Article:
Breen is self-aware enough to know that his “GCSAA-is-a-construct-of-the-mind” talk can be a bit esoteric to some. And he’s clear that there are several specific things that he will focus attention on in 2022, including two areas of association emphasis that have been important to him throughout his career — advocacy and environmental initiatives.
“I think the evolution of our advocacy efforts and how we’re now able to tie that into the environmental part of the BMPs is really significant,” Breen says. “All the work that has gone into both areas has really elevated them, increased their relevance, and those things are really working together well right now. I want to make sure that continues into the future.”
He’s also been encouraged by the growth of The First Green initiative, the association’s burgeoning relationship with the National FFA Organization and the broad acceptance for GCSAA’s Assistant Superintendent Certificate Series. But he does see a gap in the spaces between those points along an individual’s path in golf course management that he’d like to begin closing during his term, specifically for those without four-year college degrees.
“We talk about bringing relevance to the golf industry, but there’s only 47% of facilities that have GCSAA members,” Breen says. “There are a lot of facilities and a lot of superintendents who don’t have four-year degrees, who aren’t making big salaries, but their facilities are just as relevant.
“For a lot of our initiatives, we would be so much stronger if we had those people on board. And where we probably miss them, in my opinion, is in the education gap. Paired with those other efforts, I think we’re really poised to play a big role in closing that gap with our continuing education piece. That bodes well both for us and for the overall golf industry.”
Don’t call us
When most people find out that Kevin Breen, CGCS, earned a meteorology degree from the University of Nebraska, Lincoln, they tend to offer a common response. To say Breen has heard, “Were you going to be a local television weather forecaster?” or “Did you send a résumé to the Weather Channel?” more than a time or two would be a pretty significant understatement.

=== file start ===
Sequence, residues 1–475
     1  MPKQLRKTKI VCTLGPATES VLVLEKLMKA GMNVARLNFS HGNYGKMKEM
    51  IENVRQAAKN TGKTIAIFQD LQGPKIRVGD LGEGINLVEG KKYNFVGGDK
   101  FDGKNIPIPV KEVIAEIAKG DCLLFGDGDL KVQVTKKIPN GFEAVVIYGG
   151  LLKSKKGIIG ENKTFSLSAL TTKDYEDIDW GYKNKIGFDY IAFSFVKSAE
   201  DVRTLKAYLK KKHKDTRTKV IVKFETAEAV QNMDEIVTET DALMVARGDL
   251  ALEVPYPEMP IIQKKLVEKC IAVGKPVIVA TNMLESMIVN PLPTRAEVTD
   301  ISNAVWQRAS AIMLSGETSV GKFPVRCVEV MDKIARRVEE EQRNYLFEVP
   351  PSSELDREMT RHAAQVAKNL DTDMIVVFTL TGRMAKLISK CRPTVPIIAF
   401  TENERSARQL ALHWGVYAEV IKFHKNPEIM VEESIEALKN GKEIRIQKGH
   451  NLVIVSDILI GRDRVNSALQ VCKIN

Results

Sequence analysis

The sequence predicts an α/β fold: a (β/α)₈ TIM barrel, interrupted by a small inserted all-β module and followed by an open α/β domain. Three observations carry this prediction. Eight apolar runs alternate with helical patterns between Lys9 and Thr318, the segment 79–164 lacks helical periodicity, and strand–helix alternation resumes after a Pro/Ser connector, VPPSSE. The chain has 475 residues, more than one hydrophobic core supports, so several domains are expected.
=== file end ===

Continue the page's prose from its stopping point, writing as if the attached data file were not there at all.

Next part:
But that speculation isn’t all that far from the truth. He did work for a time providing daily weather reports for a small network of rural radio stations in Nebraska, Kansas and Colorado. And he did go through an audition for an on-air position at a TV station in Lincoln, Neb.
But as Breen tells it, the whole audition process made it clear that his future wasn’t going to be in television.
“I went in one evening, had my weather forecast, was ready to do my thing with the green screen,” Breen says. “They got me ready with the microphone on my jacket and the cord up my sleeve, the little clicker to change maps and all that stuff. They had me stand in front of the set and told me it would be just a few minutes and they’d be ready to go.
“And then they left me there for probably 20 minutes with all the lights on, the cameras ready and everything else. I’m waiting for the camera operator or somebody to come and shoot this audition, tell me what they wanted me to do, but I’m just standing there by myself.
“Finally, somebody showed up and they ask me if I’m ready. No instructions or anything,” he recalls. “So, we do this quick little thing and they said, ‘Well, that’s it.’ I think it was less than two minutes. I asked if they needed a second take or wanted me to do something else, but they were like, ‘Nope, that’s it. See you.’
“I’m pretty sure the wait and everything was intentional, just to see if I would sweat under the lights and how I handled it. Needless to say, I didn’t get the job.”
Ultimately, though, Breen realized that wasn’t such a bad thing.
“I decided that’s not really what I wanted to do,” he says. “You get to the top of that profession, and you’re working evenings, nights, the late 10 o’clock news, all that sort of thing. And for me, I loved the field work and the research. I wanted to be a true meteorologist, work at the National Weather Service. But those jobs just weren’t available then.”
And ultimately, meteorology’s loss would be golf course management’s gain.
Scott Hollister is GCM’s editor-in-chief.